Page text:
Swallow-tailed Hummingbird - hummingbird species
that are found mainly in East-Central South America.
BILL: black and slightly down-curved.
SIZE: a large hummingbird measuring 6-6.5 inches including its bill which is 0.79 inch, and tail, 2.76-3.54 inches. With a wingspan of 3.15 inches.
WEIGHT: males are 8-9 grams and females are 6-7 grams.
COLOR: blue, green, purple, black, gray, iridescent.
OPEN WOODLANDS: found in dry, open areas with shrubs and trees, primary forest and edges; urban areas such as yards, parks, and gardens.
NECTAR from flowers and sugar-water mixtures in hummingbird feeders, and may also drink out of bird baths or water fountains.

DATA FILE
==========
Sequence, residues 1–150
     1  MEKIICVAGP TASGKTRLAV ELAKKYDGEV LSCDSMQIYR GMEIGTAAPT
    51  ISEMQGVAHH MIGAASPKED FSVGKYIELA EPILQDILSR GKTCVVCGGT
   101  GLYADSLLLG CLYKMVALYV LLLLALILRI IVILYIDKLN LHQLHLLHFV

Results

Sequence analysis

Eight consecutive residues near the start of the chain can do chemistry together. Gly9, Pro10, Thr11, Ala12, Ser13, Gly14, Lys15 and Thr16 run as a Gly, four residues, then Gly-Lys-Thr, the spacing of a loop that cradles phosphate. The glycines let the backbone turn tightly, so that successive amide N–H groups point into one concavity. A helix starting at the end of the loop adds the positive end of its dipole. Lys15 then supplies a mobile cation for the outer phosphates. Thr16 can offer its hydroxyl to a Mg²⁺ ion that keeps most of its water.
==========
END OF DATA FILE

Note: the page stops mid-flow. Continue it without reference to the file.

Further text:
INSECTS small insects and spiders.
Widely distributed in Eastern South America, also found in Brazil, Bolivia, and Rio de Janeiro.
NEST: cup-shaped nest made of lichen and mosses, held together with spider webs and lined with fine plant fibers. Built on a low, thin horizontal branch of a shrub, bush or smallish trees - typically below 10 feet, but occasionally as high as 50 feet above the ground.
EGGS: 2 eggs, white in color.
INCUBATION: 15-16 days, females only.
FLEDGLING PHASE: 22-24 days.
Hovering with their tails cocked upward as they are licking at the nectar from flowering shrubs, trees, and epiphytes, and perches low to high. Very aggressive when it comes to protecting their habitat and their resources for food, and are generally dominant over other species of hummingbirds.